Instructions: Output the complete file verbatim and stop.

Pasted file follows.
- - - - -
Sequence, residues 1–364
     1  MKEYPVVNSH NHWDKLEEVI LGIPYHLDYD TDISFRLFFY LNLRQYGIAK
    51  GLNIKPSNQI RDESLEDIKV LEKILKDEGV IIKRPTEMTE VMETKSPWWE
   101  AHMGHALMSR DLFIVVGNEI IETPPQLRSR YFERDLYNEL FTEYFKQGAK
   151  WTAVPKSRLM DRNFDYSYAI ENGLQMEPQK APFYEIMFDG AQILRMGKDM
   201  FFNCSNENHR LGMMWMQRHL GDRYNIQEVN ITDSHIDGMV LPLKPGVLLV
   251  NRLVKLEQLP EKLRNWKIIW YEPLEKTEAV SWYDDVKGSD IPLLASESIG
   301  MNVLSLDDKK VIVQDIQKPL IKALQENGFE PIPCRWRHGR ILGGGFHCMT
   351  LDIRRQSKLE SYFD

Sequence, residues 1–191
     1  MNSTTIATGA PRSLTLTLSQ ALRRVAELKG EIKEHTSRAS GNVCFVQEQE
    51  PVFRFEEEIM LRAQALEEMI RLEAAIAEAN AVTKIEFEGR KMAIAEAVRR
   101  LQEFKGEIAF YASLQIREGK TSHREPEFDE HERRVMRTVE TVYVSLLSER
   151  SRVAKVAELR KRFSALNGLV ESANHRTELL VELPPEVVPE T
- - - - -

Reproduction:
Sequence, residues 1–364
     1  MKEYPVVNSH NHWDKLEEVI LGIPYHLDYD TDISFRLFFY LNLRQYGIAK
    51  GLNIKPSNQI RDESLEDIKV LEKILKDEGV IIKRPTEMTE VMETKSPWWE
   101  AHMGHALMSR DLFIVVGNEI IETPPQLRSR YFERDLYNEL FTEYFKQGAK
   151  WTAVPKSRLM DRNFDYSYAI ENGLQMEPQK APFYEIMFDG AQILRMGKDM
   201  FFNCSNENHR LGMMWMQRHL GDRYNIQEVN ITDSHIDGMV LPLKPGVLLV
   251  NRLVKLEQLP EKLRNWKIIW YEPLEKTEAV SWYDDVKGSD IPLLASESIG
   301  MNVLSLDDKK VIVQDIQKPL IKALQENGFE PIPCRWRHGR ILGGGFHCMT
   351  LDIRRQSKLE SYFD

Sequence, residues 1–191
     1  MNSTTIATGA PRSLTLTLSQ ALRRVAELKG EIKEHTSRAS GNVCFVQEQE
    51  PVFRFEEEIM LRAQALEEMI RLEAAIAEAN AVTKIEFEGR KMAIAEAVRR
   101  LQEFKGEIAF YASLQIREGK TSHREPEFDE HERRVMRTVE TVYVSLLSER
   151  SRVAKVAELR KRFSALNGLV ESANHRTELL VELPPEVVPE T